L. M. Montgomery

L. M. Montgomery was born in 1874 on Prince Edward Island, Canada, where she spent her childhood living with her grandparents in an old farmhouse. A prolific writer, she published many short stories, poems and novels, many of which were inspired by the years she spent on the beautiful Prince Edward Island. Anne of Green Gables and its sequels have always been amongst the most popular of children's classics. Montgomery died in Toronto in 1942 and was buried on her beloved island.

Lindsey Becker

Lindsey Becker writes middle grade fiction about ghosts, monsters, mythical beasts, and daring children who love adventure and magic. The Star Thief is her debut novel, and she invites you to visit her online at literarylilycate.blogspot.com or @lcatebecker. She lives in Wisconsin.

Louisa May Alcott

Louisa May Alcott was born in Pennsylvania in 1832. Like the character of Jo March in Little Women, young Louisa didn't conform to the restrictions placed on girls of the period: 'No boy could be my friend till I had beaten him in a race,' she claimed, 'and no girl if she refused to climb trees, leap fences.' And, also like Jo, she was highly imaginative and writing was an early passion.As her family was often in financial difficulty, Louisa worked from a young age to support her family, taking any position available: a governess, domestic servant, seamstress and teacher were among her jobs. She also wrote poetry and short stories for popular magazines, and melodramatic novels under a pseudonym. When the American Civil War began, Louisa, who fervently opposed slavery, lamented that women weren't able to fight, and volunteered as a nurse at the Union Hospital in Georgetown, Washington. Her nursing career was brief as she contracted typhoid, but she wrote Hospital Sketches, a truthful and poignant account based on letters she wrote home to her family in Concord, and it was published to great acclaim.In 1868 Louisa was asked by her publisher to write 'a girls' story'. This resulted in Little Women, which is largely based on the experiences of the author and her three sisters. It was a phenomenal success. In a time when children's books were morality tales featuring idealised, two-dimensional protagonists, Little Women was revolutionary, peopled as it was by relatable, flawed, fully realised characters. Its success guaranteed financial stability for Louisa, who continued the March family's story in Good Wives, Little Men and Jo's Boys. Louisa never married, concluding that 'liberty is a better husband than love.' She died in 1888 and is buried in Sleepy Hollow Cemetery in Concord.

Michael Powell

Michael Powell is the author of numerous naughty, disgusting yet strangely educational children's books. He lives in Somerset.Trevor Dunton is still the same as was across the page, but will soon also be famed as the illustrator for the bestselling Joke Shop.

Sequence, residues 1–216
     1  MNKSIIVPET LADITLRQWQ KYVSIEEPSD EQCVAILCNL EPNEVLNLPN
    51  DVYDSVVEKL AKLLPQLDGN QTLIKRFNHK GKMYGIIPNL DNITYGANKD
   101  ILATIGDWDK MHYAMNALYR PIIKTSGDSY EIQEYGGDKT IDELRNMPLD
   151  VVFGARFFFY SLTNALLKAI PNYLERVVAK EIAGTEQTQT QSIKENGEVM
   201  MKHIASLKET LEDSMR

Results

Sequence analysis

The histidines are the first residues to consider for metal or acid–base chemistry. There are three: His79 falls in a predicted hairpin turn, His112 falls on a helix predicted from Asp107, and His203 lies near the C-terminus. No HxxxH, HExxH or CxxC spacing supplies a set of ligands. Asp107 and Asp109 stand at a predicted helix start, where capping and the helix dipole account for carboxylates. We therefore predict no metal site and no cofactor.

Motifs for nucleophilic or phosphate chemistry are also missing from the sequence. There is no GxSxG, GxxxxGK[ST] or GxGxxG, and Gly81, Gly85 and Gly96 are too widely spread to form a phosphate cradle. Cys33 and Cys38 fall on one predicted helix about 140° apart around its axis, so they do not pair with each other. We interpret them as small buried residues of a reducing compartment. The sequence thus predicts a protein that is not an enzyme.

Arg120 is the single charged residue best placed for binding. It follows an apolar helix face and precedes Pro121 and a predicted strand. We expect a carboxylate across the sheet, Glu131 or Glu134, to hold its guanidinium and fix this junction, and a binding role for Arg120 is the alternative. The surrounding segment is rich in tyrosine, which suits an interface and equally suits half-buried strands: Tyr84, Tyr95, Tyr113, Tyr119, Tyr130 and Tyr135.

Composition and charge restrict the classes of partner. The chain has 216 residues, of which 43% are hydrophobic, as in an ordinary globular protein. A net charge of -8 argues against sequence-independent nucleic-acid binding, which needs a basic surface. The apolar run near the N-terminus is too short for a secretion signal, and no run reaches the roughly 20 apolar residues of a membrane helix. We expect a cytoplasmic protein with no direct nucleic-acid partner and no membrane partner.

Nina Bawden

Nina Bawden (1925-2012) was one of Britain's best-loved writers for both adults and children. Several of her children's books - Carrie's War, a Phoenix Award winner;The Peppermint Pig, which won the Guardian Fiction Award; and Keeping Henry - have become contemporary classics. She wrote over forty novels, slightly more than half of which are for adults, and she was shortlisted for the 1987 Man Booker Prize for Circles of Deceit. She received the prestigious S T Dupont Golden Pen Award for a lifetime's contribution to literature in 2004, and in 2010 The Birds on the Trees was shortlisted for the Lost Booker of 1970.

Patricia Highsmith

Patricia Highsmith (1921-1995) was born in Fort Worth, Texas, and moved to New York when she was six, where she attended the Julia Richman High School and Barnard College. In her senior year she edited the college magazine, having decided at the age of sixteen to become a writer. Her first novel, Strangers on a Train, was made into a classic film by Alfred Hitchcock in 1951. The Talented Mr Ripley, published in 1955, introduced the fascinating anti-hero Tom Ripley, and was made into an Oscar-winning film in 1999 by Anthony Minghella. Graham Greene called Patricia Highsmith 'the poet of apprehension', saying that she 'created a world of her own - a world claustrophobic and irrational which we enter each time with a sense of personal danger' and The Times named her no.1 in their list of the greatest ever crime writers. Patricia Highsmith died in Locarno, Switzerland, in February 1995. Her last novel, Small g: A Summer Idyll, was published posthumously, the same year.

Sally Beauman

Sally Beauman read English at Girton College, Cambridge. She worked as a journalist in America and Britain before beginning to write fiction. She is the author of six previous novels, including the acclaimed Rebecca's Tale.